Two clusters of UNC students came down with COVID last week and five were sent to isolated housing prepared for students that needed to quarantine from the community. According to the UNC Carolina Together dashboard it looks as if there was not a lot of testing in the weeks leading up to last week which leads me to believe that there were lots of asymptomatic students mingling in the community that revealed themselves once full-scale testing began.
With available beds for those that need to isolate themselves running dangerously low, UNC-Chapel Hill announced today that they are sending students home to avoid further contact and spread.
After only one week of campus operations, with growing numbers of clusters and insufficient control over the off-campus behavior of students (and others), it is time for an off-ramp. We have tried to make this work, but it is not working.Barbara Rimer, Dean of UNC-Chapel Hill School of Public Health
Both my kids are moving into college this week. I hope the closing of UNC serves as an example of how seriously the actions of a few can spin out of control and impact the entire student population.
Boston University has an extensive program for returning students that includes an on-campus lab that can process 5,000 test results every 24-hours shared on a public dashboard. The students have launched an online awareness campaign with a name designed to be provocative. Daily self-reporting of symptoms and regular testing are required and, if you miss either, your wifi followed by access card stop working until you eventually are asked to leave campus. All results are collected into an app which students use to check in their locations throughout the day. This same app also notifies students if anyone with positive test results was in proximity and will automatically limit the mobility of potentially infected students. All of this is at great cost to the university. They are not bringing kids back to school for the money.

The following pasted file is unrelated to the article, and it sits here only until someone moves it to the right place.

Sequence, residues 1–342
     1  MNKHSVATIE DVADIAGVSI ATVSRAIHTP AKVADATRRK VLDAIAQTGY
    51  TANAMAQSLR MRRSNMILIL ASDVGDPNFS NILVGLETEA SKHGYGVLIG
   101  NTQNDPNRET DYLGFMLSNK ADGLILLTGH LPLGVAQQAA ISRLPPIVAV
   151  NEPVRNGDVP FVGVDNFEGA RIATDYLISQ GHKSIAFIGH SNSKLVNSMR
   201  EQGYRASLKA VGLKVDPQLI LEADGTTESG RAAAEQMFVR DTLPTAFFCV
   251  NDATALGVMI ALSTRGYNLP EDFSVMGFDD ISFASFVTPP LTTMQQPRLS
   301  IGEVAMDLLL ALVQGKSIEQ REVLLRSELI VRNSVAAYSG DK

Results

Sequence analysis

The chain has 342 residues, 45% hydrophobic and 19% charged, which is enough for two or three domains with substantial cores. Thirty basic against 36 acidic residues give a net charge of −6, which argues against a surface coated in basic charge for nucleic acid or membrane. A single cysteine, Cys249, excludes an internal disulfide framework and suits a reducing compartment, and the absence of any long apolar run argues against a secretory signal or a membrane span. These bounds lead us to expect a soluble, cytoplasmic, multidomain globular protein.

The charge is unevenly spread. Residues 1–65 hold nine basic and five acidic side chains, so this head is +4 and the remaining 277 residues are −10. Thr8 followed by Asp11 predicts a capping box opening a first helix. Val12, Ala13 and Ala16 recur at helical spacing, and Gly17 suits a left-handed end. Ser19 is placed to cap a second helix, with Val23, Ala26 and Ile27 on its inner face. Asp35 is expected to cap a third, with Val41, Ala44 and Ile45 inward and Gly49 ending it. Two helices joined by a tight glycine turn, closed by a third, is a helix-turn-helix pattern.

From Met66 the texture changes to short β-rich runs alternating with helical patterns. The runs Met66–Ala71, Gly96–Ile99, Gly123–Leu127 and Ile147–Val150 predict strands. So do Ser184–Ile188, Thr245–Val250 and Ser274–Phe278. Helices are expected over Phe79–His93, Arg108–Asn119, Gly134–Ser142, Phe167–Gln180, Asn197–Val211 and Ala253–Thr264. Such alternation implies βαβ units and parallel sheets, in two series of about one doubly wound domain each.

Clark University sent test kits to all students at home a couple of weeks ago to prevent asymptomatic carriers from coming to campus until they can show a negative result. This week Clark is welcoming students and, like BU, are requiring every student to sign a Commitment to follow safety protocols or risk “dis-enrollment.” The university offered all students an online course over the summer, Pandemics. From Horror to Hope, to put our current situation into perspective, and hosted discussion groups for students including tips on how to politely tell someone to put on their mask on (and how to acknowledge someone’s request without sounding snarky). In full transparency, and to help put anxious parents and surrounding community at ease, Clark is publishing all test results on a public website.
All parents want the best for their children. We want them to experience all that college has to offer. We also want them to stay safe. It’s easy to question the trade off in sending our kids to live together during a pandemic. I have to keep reminding myself that they are not kids anymore, they are young adults, and there will be valuable lessons to learn from working together to “stop the spread.”
Universities are places of learning and innovation. This year, students will learn to live and study together in a time of pandemic. They will develop a culture and society that works in our “new normal.” Unlike the UNC community, successful schools will collectively enforce acceptable behavior and redefine what is cool. We will have much to learn from these pioneers.
My kids are sick of me showing them Nike’s latest commercial which was just released this morning and already has almost 5 million views on YouTube and over 50k retweets on Twitter.
It’s just so good.